An emotional story made waves in the Magic Valley when local resident Margaret Boucher lost her dog, Hazel, who ran away. The border collie mix was found by Animal Control, brought in to the Twin Falls Animal Shelter, and adopted by another family eight days later.

The headlines, and the reduced summary of events, had many people angry at -- or at least distrusting of -- the shelter's actions:

But there were several key points left out in the popular news articles, and the facts tell a different story.

I spoke with Assistant to the Director Denim Kerr:

How long was the dog kept at the shelter?

Kerr: "The dog was brought into the shelter on May 26th. Animal control had picked it up as a stray. City policy requires the shelter to keep strays for 48 hours before putting up for adoption. It's 72 hours if the dog has a license or microchip.

"The dog was adopted on June 3rd, so it was here for seven full days, going on eight, before it was adopted, well over the required time."

Did the dog have any identification on it?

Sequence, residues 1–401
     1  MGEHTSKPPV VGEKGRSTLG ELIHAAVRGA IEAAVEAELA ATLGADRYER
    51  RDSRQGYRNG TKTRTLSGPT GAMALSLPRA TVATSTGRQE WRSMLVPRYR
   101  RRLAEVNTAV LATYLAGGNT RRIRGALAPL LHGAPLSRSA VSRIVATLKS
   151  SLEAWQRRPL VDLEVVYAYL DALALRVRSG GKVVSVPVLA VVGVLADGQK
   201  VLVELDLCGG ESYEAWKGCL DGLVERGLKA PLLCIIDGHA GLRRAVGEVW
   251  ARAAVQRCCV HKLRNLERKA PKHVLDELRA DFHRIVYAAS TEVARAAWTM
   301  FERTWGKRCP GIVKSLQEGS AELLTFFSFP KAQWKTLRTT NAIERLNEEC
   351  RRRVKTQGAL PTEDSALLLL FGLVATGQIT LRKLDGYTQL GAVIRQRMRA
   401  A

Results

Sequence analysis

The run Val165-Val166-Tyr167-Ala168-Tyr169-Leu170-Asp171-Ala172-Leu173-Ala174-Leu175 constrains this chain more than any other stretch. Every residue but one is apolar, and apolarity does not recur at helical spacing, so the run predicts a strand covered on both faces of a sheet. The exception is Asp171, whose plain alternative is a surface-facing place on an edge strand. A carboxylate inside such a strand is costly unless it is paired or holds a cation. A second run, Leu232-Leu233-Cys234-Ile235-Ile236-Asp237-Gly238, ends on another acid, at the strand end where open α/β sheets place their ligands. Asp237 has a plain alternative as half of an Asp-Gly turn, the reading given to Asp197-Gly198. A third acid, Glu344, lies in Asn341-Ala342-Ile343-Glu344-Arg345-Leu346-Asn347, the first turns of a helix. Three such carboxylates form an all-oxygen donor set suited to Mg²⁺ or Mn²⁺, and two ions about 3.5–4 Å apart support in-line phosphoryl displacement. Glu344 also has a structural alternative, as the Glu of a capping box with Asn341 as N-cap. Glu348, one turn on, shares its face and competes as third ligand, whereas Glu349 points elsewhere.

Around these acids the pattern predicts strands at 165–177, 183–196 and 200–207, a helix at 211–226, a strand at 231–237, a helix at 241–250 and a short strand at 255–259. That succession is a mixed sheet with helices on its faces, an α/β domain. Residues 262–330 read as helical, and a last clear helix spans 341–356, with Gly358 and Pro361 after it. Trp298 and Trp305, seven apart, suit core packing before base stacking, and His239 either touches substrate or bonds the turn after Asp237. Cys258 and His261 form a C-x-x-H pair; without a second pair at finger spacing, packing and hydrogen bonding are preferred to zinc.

"No. The dog had no collar, tag, or microchip. We did scan for the microchip. There was no ID whatsoever. We had no way of knowing it even had an owner. Also, the dog was not spayed. We took it into the veterinarian to be spayed on the 2nd."

Did anyone contact the shelter about Hazel missing?

"We had no report from an owner. No lost report. Not even a post on our Facebook page. We had heard nothing to give us the sense that there was an owner looking for it."

Did anyone from the shelter contact the new family to explain the situation?

"Yes. We contacted the new owners Monday [June 8th] to explain the situation. This unfortunately was left out of the news articles, but we did contact the new owner that Monday evening, who legally adopted the dog and paid the adoption fee."

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Board Member Janice Degner confirmed these facts as well:

Is it a sad story? Absolutely. But make no mistake: the Twin Falls Animal Shelter not only did what was required by law, they actually went several steps further. It's a sad story, not a blame story.